I have a special interest in the activities of the Americans and Filipinos who fought or were held captive by the Japanese after the latter's capture of the Philippines. As a result, I have an entire shelf or more of books covering this area of World War II history.
Samuel Mooody writes an interesting story about his captivity by the Japanese, but, based upon my extensive readings, some of his stories do not ring true. Plus, there are several places in the book where he contradicts himself about events and people.
I'm not calling him a liar, but he would not be the first person to somewhat expand on his experiences while writing a book. Perhaps most of what he writes did happen top him, but sometimes people include other people's stories in their books as events happening to themselves. As a Viet Nam War veteran I've had people tell me stories about their activities in events that I knew weren't true, as I was there when the events happened. Plus, the listing of people who didn't even serve in the armed forces but claimed to be war heroes is extensive, and even includes politicians.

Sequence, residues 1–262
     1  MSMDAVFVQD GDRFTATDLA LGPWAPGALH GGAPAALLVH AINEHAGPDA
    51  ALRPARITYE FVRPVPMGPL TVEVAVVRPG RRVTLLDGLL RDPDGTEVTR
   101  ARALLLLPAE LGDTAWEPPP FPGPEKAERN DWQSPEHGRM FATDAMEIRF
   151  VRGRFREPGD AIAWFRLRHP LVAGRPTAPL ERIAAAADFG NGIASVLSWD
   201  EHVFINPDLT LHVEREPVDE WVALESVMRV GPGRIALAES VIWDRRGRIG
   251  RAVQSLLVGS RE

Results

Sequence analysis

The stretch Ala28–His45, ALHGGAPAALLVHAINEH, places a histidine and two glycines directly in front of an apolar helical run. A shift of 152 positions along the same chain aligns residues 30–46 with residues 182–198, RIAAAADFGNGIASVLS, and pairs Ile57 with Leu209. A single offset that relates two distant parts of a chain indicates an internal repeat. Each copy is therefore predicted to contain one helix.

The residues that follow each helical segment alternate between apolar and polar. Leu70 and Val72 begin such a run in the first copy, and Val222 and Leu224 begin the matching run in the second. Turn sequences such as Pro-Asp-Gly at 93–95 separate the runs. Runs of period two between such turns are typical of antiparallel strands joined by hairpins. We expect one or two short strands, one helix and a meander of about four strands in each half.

So, enjoy this book, even though what the American and Filipino soldiers endured from the Japanese was beyond reason. It is not commonly known, but one in 20 Filipinos died during the extremely harsh Japanese occupation of their country. Their resistance to that occupation is one of their greatest moments in history. Just remember that the book may not truly relate all that happened to SSGT Moody. However, knowing what the average American and Filipino POW had to endure, I would not have switched places with him for a billion dollars.